Posted by Linda W. Braun
I wasn’t able to listen and watch the live video stream of the DOPA hearing today, but I just did get a chance to watch and listen to the archive of the stream.
Anyone interested in teens, social networking, legislation related to teens and libraries, technology, etc. should make sure to listen. There were several things that struck me as I listened.
- There is a lot of fear about the Internet in general.
- There is a lot of fear about Social Networking
- There are still many misunderstandings about what the Internet is all about.
- There are misconceptions about what social networking is and isn’t.
- There are people who are trying to educate without fear – in particular YALSA’s own Beth Yoke, Amanda Lenhart from the Pew Internet in American Life Project, and Chris Kelly from Facebook.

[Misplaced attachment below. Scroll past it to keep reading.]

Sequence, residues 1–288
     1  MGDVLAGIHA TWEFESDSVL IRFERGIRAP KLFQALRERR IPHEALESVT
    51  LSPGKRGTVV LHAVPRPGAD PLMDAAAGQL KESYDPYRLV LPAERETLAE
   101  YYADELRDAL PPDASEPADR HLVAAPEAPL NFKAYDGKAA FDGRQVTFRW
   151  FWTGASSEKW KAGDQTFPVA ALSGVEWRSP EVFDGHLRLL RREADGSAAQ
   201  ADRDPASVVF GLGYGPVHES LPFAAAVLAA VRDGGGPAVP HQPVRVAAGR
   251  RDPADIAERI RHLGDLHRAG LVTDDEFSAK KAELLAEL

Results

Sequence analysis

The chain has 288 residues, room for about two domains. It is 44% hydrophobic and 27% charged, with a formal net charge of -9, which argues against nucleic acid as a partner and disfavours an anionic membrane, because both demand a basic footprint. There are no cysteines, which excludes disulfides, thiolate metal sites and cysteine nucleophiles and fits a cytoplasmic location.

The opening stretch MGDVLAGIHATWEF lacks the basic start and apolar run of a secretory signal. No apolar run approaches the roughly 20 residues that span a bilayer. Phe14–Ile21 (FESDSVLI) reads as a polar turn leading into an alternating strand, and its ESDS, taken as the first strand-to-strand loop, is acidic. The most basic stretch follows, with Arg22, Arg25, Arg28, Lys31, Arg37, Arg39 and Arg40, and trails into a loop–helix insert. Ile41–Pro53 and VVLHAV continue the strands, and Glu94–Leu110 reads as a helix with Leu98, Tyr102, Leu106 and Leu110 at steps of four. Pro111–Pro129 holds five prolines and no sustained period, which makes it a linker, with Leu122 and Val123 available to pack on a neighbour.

- There are people who are working hard to understand what teens need, why they use technology, and how they use technology.
You can access the archived stream on the Congressional web site. You can also click on the name of each testifier and download a pdf version of that person’s testimony.
Don’t forget you can contact your legislator about DOPA.
On July 11th at 10 AM (Eastern) the House Subcommittee on Telecommunications and the Internet will be holding a hearing on the proposed legislation, Deleting Online Predators Act (DOPA). If passed, this legislation would require schools and libraries receiving the E-Rate to block social networking sites like myspace.com and others. ALA will be one of several groups who are providing testimony against the legislation. According to the subcommittee’s web site, the hearings will be broadcast live online, so tune in if you are interested. For more information go here.